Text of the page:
Province mulls idea of safety barriers along Anthony Henday Drive

The west leg of Anthony Henday drive was closed Friday, Oct. 7, 2016 due to a serious injury collision between Lessard Road and Callingwood Road. Global 1 helicopter

Following a fatal collision on Anthony Henday Drive late last week, the Alberta government said it is looking at what can be done to improve safety on the busy Edmonton roadway.

A 31-year-old man died in hospital Friday after an early-morning collision on the Henday between Lessard Road and Callingwood Road.

Police said a Dodge Ram truck heading south on Anthony Henday Drive crossed over the grass median and collided with a Ford F-150.

The driver of the Ford died in hospital. The 44-year-old driver of the Dodge was taken to hospital with non-life-threatening injuries.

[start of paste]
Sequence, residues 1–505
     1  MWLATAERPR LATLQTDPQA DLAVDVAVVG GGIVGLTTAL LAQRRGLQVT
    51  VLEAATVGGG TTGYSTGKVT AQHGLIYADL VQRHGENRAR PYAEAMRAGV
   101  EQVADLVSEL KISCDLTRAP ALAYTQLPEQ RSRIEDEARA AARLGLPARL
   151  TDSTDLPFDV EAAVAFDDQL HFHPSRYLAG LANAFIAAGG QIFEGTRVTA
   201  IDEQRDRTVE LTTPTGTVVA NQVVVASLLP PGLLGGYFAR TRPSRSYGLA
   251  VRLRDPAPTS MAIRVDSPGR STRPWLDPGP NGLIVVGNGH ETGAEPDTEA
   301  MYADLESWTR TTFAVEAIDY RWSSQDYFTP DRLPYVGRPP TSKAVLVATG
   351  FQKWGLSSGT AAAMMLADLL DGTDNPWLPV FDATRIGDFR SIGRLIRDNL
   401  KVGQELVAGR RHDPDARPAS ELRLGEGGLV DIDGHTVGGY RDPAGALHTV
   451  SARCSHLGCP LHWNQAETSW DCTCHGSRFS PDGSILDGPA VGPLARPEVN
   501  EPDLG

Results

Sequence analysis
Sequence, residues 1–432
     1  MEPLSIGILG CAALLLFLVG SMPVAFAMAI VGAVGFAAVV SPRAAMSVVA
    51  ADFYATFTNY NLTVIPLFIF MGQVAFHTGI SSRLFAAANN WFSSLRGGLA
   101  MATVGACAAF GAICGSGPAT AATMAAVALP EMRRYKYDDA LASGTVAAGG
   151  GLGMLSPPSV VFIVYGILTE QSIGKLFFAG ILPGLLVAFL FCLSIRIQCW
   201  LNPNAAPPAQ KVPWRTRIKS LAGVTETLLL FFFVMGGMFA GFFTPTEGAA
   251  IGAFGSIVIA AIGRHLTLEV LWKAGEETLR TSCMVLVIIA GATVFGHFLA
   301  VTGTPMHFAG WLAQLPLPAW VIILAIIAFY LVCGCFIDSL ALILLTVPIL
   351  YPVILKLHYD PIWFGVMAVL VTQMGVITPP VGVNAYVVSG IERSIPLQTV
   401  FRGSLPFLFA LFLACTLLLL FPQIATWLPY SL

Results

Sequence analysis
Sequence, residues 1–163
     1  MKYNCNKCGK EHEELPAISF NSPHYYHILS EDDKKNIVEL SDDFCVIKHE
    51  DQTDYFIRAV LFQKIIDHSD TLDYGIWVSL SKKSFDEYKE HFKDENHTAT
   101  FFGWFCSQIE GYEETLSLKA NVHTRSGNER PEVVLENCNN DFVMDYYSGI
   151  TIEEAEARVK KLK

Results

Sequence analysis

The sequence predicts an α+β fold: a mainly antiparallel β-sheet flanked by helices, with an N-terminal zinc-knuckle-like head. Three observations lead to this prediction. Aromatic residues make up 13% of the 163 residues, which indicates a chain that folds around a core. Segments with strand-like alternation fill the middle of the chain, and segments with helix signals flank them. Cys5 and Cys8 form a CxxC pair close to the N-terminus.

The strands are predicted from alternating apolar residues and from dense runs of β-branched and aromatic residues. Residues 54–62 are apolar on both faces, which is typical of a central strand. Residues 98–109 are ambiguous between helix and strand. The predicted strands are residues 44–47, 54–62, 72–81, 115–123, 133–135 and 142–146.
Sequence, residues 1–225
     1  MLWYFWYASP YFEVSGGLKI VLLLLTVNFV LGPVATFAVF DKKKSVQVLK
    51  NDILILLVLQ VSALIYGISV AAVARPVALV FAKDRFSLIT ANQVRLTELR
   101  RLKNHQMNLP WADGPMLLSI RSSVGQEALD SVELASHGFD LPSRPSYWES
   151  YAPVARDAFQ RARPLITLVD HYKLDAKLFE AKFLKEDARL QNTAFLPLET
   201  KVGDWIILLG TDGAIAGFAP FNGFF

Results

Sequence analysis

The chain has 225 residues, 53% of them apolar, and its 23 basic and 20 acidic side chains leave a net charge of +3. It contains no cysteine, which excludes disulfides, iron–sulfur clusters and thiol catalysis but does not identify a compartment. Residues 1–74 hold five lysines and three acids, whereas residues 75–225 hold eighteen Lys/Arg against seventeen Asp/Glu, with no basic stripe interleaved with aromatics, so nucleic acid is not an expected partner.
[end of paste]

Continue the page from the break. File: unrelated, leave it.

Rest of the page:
READ MORE: Man killed in two-vehicle crash on Anthony Henday Drive

Police investigating the crash said safety barriers between the two directions of traffic might have prevented the tragedy.

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“There’s a strong probability that, had there been a better median separating the highway – much like our Highway 2 I-beam steel barriers that we have – I’d say there was a strong probability that there may not have been a fatality here today. And maybe just minor injuries to the other motorist,” Sgt. James McLeod, with the EPS Major Collisions Investigation Unit, said Friday.

While speaking in Edmonton Tuesday about a number of different infrastructure projects, Alberta’s transportation minister said he heard the comments made by police and has “asked officials to look at safety barriers on the entire Henday.”

“I think we will take that as a very important piece of work that we need to attend to and I’m hopeful that I’ll have a report fairly soon on my desk indicating what steps we might be able to take to improve safety,” Brian Mason said.

There’s no word on what installing safety barriers might cost.

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